- STAFF PICKS
- GIFTS + GIFT CARDS
- SELL BOOKS
- FIND A STORE
Other titles in the Jewish Lives series:
Moses Mendelssohn: Sage of Modernity (Jewish Lives)by Shmuel Feiner
Synopses & Reviews
The and#8220;German Socrates,and#8221; Moses Mendelssohn (1729and#8211;1786) was the most influential Jewish thinker of the eighteenth and nineteenth centuries. A Berlin celebrity and a major figure in the Enlightenment, revered by Immanuel Kant, Mendelssohn suffered the indignities common to Jews of his time while formulating the philosophical foundations of a modern Judaism suited for a new age. His most influential books included the groundbreaking Jerusalem and a translation of the Bible into German that paved the way for generations of Jews to master the language of the larger culture.
Feinerand#8217;s book is the first that offers a full, human portrait of this fascinating manand#8212;uncommonly modest, acutely aware of his task as an intellectual pioneer, shrewd, traditionally Jewish, yet thoroughly conversant with the world around himand#8212;providing a vivid sense of Mendelssohnand#8217;s daily life as well as of his philosophical endeavors. Feiner, a leading scholar of Jewish intellectual history, examines Mendelssohn as father and husband, as a friend (Mendelssohnand#8217;s long-standing friendship with the German dramatist Gotthold Ephraim Lessing was seen as a model for Jews and non-Jews worldwide), as a tireless advocate for his people, and as an equally indefatigable spokesman for the paramount importance of intellectual independence.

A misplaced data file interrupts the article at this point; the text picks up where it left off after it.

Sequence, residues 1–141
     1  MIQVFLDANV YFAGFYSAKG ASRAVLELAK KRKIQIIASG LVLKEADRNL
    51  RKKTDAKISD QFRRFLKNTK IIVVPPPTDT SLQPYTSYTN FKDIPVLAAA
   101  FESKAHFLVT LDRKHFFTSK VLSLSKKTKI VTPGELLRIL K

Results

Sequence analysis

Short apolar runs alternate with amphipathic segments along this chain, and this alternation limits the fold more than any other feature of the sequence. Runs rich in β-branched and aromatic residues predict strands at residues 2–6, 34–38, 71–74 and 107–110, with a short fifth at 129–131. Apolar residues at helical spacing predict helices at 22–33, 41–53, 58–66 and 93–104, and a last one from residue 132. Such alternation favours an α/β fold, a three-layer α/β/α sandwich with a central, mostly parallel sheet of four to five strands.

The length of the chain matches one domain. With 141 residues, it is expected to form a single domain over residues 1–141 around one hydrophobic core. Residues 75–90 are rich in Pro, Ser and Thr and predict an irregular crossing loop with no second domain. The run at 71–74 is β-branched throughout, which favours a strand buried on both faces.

"Feiner, a professor of Modern Jewish History at Bar Ilan University in Tel Aviv, presents an all-encompassing biography of Mendelssohn, a prominent 18th-century Jewish intellectual. From his early life as a child prodigy to an adulthood of serious study, notoriety, and wealth, Feiner paints a complete portrait. As a child, Mendelssohn had a remarkable capacity for learning, accompanying his rabbi and mentor to Berlin for advanced Torah studies. Although the Prussian economy was tightly controlled by Christians, Mendelssohn was allowed to stay for his scholarship and in virtue of the prominent family with whom he was boarding. Mendelssohn's intellectual interests soon expanded beyond Torah study, and he familiarized himself with the sciences and philosophy of his day. In his early twenties, he began publishing his own ideas, famously challenging other respected thinkers, which brought him respect, a reputation, and fortune. Feiner describes Mendelssohn's intellectual and social ascent in a tight, concise narrative, supported through preserved documents like Mendelssohn's correspondences between his friends and family. (Dec.)" Publishers Weekly Copyright PWxyz, LLC. All rights reserved.
About the Author
Shmuel Feiner is professor of Modern Jewish History atand#160;Barand#160;Ilanand#160;Universityand#160;and holds the Samuel Braun Chair for the History of the Jews inand#160;Prussia. His books includeand#160;Haskalah and History: The Emergence of a Modern Jewish Historical Consciousnessand#160;andand#160;The Jewish Enlightenmentand#160;(winner of the Koret Jewish Book Award).
What Our Readers Are Saying
Other books you might like